Support takes the form of individualized outreach by phone, email and WhatsApp to our guarantee beneficiaries to learn their current circumstances and challenges. Each client is engaged in a process to analyze the specific impact of the current pressures on the business, and to think through options and available resources— particularly where public information may be inadequate or confusing. We then explore both immediate needs and how to refocus business plans to enable clients to survive and start up again when the crisis subsides.

Borrowers are encouraged to present their lenders with their specific needs and proposals for managing their debt. We encourage banks to help them emerge from the crisis with their businesses intact.

Emotional support for emerging entrepreneurs is critical as they struggle to support their families and communities, and lay foundations for a more equitable economy than the one they have inherited.

More Than Chicken Feed

“When we had little money, I did not have enough to feed my chicks,” lamented Mrs. Felizarda Joaquim, a recently retired member of United Methodist Women (UMW)Mozambique and participant in their “Força da Unidade: Deus e Connosco – Moamba Poultry Project,” with which Shared Interest has partnered over the past year. “At times I had to “improvise,” Felizarda noted, “and I could not afford to give the chicks what they needed because of the high cost of feed. Some customers complained that they were underweight. And sometimes, they died.” These challenges and losses affected her family’s income, as she is the sole breadwinner for two of her daughters, their three children and her husband who is ailing and no longer able to work.

Upon retirement, Felizarda used her meager state pension to purchase 100 chicks and launched her business. The first few months were very difficult. With mortality

rates near 30 percent, she was unable to generate enough profit to feed and grow her flock. The stress of losing chicks and the high cost of feed was multiplied exponentially by last year’s devastating cyclones Idai and Kenneth, which left Mozambique’s impoverished communities struggling to feed themselves.

In 2019, having learned to operate on a shoestring and gradually grow her business, she obtained additional capital from the government of Mozambique to buy additional chicks and equipment. She received further leadership training through UMW-New York and support for technical training in poultry-raising from Shared Interest. She was able to increase her production to 750 chickens every 45 to 60 days. Today, with her husband’s help, she produces 1,500 chickens every 12 weeks and sells them to market and street vendors.

In the process, she made enough money to renovate her chicken coops and add rooms to her own home to accommodate her family. She also uses the chicken manure to fertilize her vegetable garden and provide her family with a balanced diet. And as she expands her business further – she will use her training and technical support to feed her family and community, and share her skills with other women members during the next stages of the project. Today, Shared Interest is assisting her with connections to new buyers, such as three nearby butcher shops, and an abattoir that could process her chickens as part of larger commercial orders often requiring a minimum of 3,000 birds at a time. While these plans are on hold for the moment – given local COVID-19 social distancing and border closures – this remains a primary goal for her when the crisis lifts. And Felizarda will be ready.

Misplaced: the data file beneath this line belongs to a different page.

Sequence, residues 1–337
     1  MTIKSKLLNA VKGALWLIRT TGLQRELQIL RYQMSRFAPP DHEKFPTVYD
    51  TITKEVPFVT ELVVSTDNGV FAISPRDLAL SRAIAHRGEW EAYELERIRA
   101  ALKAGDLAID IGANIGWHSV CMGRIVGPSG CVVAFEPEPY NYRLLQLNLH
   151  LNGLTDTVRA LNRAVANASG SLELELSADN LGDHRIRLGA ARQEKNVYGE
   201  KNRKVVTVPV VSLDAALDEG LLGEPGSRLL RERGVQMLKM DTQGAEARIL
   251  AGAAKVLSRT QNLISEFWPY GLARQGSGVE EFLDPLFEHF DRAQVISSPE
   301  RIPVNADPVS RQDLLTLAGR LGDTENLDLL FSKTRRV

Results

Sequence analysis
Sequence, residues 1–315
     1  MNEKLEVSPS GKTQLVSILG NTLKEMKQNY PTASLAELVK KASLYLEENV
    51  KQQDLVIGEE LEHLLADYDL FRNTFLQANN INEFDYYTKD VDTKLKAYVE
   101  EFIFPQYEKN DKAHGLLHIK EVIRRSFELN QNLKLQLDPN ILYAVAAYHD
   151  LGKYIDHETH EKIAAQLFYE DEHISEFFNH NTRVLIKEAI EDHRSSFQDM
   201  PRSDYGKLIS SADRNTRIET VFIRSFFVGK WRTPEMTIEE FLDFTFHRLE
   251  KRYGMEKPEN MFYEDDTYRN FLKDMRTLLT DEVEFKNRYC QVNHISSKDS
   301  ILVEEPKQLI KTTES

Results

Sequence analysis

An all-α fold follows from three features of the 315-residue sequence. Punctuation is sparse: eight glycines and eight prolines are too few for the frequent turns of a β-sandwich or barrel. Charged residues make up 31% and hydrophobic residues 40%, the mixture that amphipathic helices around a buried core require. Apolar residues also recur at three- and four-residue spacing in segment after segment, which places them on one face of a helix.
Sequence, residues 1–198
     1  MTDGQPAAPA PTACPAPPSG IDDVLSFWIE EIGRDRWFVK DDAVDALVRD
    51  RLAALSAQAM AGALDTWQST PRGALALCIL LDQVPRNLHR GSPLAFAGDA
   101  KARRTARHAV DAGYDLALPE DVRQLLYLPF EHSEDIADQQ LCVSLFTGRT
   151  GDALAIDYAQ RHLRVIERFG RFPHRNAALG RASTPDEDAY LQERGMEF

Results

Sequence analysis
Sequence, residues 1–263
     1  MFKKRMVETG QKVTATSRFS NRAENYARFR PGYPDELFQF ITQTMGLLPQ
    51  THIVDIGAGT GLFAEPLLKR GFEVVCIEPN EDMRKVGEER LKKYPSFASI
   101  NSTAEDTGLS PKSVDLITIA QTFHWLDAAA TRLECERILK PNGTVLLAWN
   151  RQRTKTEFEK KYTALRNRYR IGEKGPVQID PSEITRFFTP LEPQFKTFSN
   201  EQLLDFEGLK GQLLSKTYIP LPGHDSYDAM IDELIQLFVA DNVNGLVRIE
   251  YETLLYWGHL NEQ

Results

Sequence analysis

Shared Interest 26th Anniversary Gala: Making Herstory Postponed to September 9, 2020

Shared Interest has postponed its 26th Anniversary Awards Dinner Gala – Making HERstory: Celebrating the Power of Women in Southern Africa until Wednesday, September 9, 2020. This year’s event will honor Sophia Williams De Bruyn Co-leader of the 1956 South African Women’s March against apartheid and distinguished recipient of the Isitwalandwe/Seaparankoe award), and Felicia Mabuza Suttle (South African talk show host, activist and entrepreneur). It will be hosted by media personality Makho Ndlovu. At this time, we would like to encourage gala hosts, sponsors, ticket buyers and supporters to send your contributions by June 30th to help raise critical funds for our programs during these challenging times. For more up to date gala information, please visit

A New Partnership

In August of 2019, Shared Interest was selected by Dining for Women to be one of its “Featured Grantees” for 2020. Dining for Women, a global giving circle dedicated to eradicating poverty among women and girls in the developing world, is a natural partner for Shared Interest, which has always acknowledged the transformative power of capital in the hands of women. Dining for Women’s more than 400 chapters meet on a monthly basis to learn about that month’s featured grantee—the organization’s mission, the problem it hopes to solve, and how its work will affect the lives of women and girls. Over a meal, chapter members share camaraderie, conversation, and their financial resources, to strengthen the futures of women and girls around the world.

Shared Interest’s work was featured in February, specifically our project in Malawi with the Graça Machel Trust, supporting African Women in Agribusiness (AWAB). This organization of women entrepreneurs is building climate-resilient, affordable legume seed systems that are supplied by and cater to smallholder farmers, particularly women. As a featured grantee, Shared Interest provided Dining for Women with a short video, photographs and quotes, and cultural and historical information about Malawi. During the month of February, Executive Director Donna Katzin and Director of Strategic Partnerships Martha Brantley also traveled to chapter meetings in Pittsfield, MA, and Washington, D.C., respectively, to present to warm, welcoming and well-informed chapter

meetings there. Dining for Women is an impactful and amazing network.

Since its creation in 2003, Dining for Women has invested more than $6 million in grants and partnerships. As with AWAB in Malawi, the organization’s success is the direct result of harnessing women’s collective power: Dining for Women’s average donation is only $35, but its membership is large and dedicated, and it continues to grow. Shared Interest is proud to have been selected as a grantee partner of this dynamic organization, whose values deeply align with our own. Learn more about Dining for Women by visiting their website at